If I was to whisper in Dan DiDio’s ear, I would tell him “no more events”. Fans are burned out, and lashing out. Make the “Final” in Final Crisis mean something. Focus on the core books, make them as good as they can be, because you’re almost there. No more weekly books for the time being either. You got lucky with 52 but crapped out with Countdown. Take the time, energy, and resources needed for a weekly book and put them into the core monthlies (and give fans’ wallets a break). Once you’re confident things are humming with the regular books, follow the “Sinestro Corps War” model for small events. Let them begin as subplots in a book, build up, and then explode. (Indications are that this model is already being employed with Superman, Batman, and Wonder Woman “events” this year.) Cross over to other titles only if it makes sense. If Green Lantern is selling well, and you feel you’ve got good creative teams going on Wonder Woman and The Flash but sales are slack, then let those three writers figure out a crossover that works, so you can get more eyeballs on those titles that need attention. Even if it’s only a temporary bump in sales, you might pick up enough new readers to make it work. Same thing with, say, Batman and Manhunter, or crossing Blue Beetle over with Superman and Action Comics. Smaller, focused, creator-driven crossovers are the way to go. And find a better way to market these books, because if there’s one thing that is not being laid at DiDio’s feet, it’s DC’s poor marketing, which has been mentioned as a weakness for many years.

In a lot of ways, being the editor-in-chief of either DC or Marvel is like being the head coach of a pro sports team. If you’re winning championships, you’re a genius. If you’re losing games, you’re a moron and you need to be fired. Years ago, the Utah Jazz had two superstars in Karl Malone and John Stockton, a great coach in Jerry Sloan, and were a perennial powerhouse in the NBA. Then Stockton and Malone retired, the team started to suck, and there were calls for Sloan’s job. Did Sloan forget how to coach? No, but the team needed to rebuild. Ownership stuck by him and now Jerry Sloan’s had the Jazz back in the playoffs for the last couple of years, with a young team with lots of potential.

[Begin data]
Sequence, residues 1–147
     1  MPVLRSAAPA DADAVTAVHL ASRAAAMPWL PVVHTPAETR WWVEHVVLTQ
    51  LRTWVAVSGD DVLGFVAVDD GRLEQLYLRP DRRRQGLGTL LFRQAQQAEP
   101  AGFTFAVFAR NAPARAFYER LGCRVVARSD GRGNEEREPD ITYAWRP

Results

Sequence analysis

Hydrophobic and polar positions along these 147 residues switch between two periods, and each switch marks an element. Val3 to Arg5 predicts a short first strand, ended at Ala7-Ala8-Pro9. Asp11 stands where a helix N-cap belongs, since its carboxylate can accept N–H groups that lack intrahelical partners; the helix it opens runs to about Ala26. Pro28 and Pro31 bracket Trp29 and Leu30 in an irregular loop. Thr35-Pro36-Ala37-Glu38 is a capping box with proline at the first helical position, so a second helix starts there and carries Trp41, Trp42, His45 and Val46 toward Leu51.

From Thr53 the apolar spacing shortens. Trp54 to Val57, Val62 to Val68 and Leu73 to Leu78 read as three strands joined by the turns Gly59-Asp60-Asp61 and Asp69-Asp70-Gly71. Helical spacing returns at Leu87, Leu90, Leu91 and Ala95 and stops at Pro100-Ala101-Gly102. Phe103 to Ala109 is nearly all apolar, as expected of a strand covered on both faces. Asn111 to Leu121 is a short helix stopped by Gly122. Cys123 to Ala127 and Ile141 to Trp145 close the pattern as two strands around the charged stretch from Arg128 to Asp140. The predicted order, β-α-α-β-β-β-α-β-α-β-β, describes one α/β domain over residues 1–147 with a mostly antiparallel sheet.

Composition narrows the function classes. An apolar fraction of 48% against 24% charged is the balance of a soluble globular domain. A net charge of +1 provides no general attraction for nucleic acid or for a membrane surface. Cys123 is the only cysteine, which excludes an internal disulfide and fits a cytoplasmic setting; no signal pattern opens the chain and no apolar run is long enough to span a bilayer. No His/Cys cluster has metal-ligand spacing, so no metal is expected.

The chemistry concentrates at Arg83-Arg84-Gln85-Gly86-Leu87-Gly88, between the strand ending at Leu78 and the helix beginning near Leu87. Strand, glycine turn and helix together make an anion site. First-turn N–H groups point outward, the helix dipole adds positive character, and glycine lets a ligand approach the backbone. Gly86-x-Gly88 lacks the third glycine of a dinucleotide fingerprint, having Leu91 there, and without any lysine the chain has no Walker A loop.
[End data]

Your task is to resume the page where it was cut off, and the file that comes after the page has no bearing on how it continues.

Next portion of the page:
Dan DiDio may not be a genius but I also don’t think he’s an idiot. He’s rebuilding. The signs are there. Problem books are moving in the right direction. Remember, Final Crisis has been in the works for two years. Once the Countdown train was on the tracks, there was no turning back, even after that book turned ugly; DC was locked into a year of that title and then (almost) another year of FC. There’s still work to be done, but I don’t believe that DC needs a complete turnover at this time. If, a year from now, things are still as ugly as they are today, then maybe. What they’re working on right now, today, as you read this, is what we’ll be seeing next year.

Maybe there’s so much turmoil in the offices that a change is needed; I’m not an insider so I can’t say if DiDio’s time and talent management are as lacking as some rumors indicate, but if that’s the case, then DiDio’s bosses have to make that call. But DiDio’s not the first high-level exec to go through this kind of turmoil. It was just a few years ago that Marvel EIC Joe Quesada was, quite possibly, the most hated man in comics. There were constant calls for him to be fired (some even coming from within the DC offices!), petitions for his ouster, a laundry list of things he had screwed up, rumors of creative unrest (remember the “Mark Waid fired from FF” debacle, the one that broke the internet in half?), new series failing left and right…and even though he still has his detractors to this day, you’ve gotta say that today he’s looking an awful lot like the coach who just won the Super Bowl.

But that’s just my opinion…I’m just a random dork with a blogger account. What does everybody else think?

3 comments:

Matt said...

Great article Doug. I think DC tried too hard to capitalize on events. I was excited during the buildup towards Infinite Crisis but mini after mini and than having a yearly series one after another really was too much for me. I absolutely love how you used the Jazz in your article!

Betsy said...

Sweet Yoda, this was a good post.

Mister said...

Should have guessed this was you Doug, another great post!

I started reading it, without taking any notice of who the writer was, and even though the subject matter isn't something I would be interested in, I was really engaged by the article.

It is true what they say, a great writer can make any subject interesting.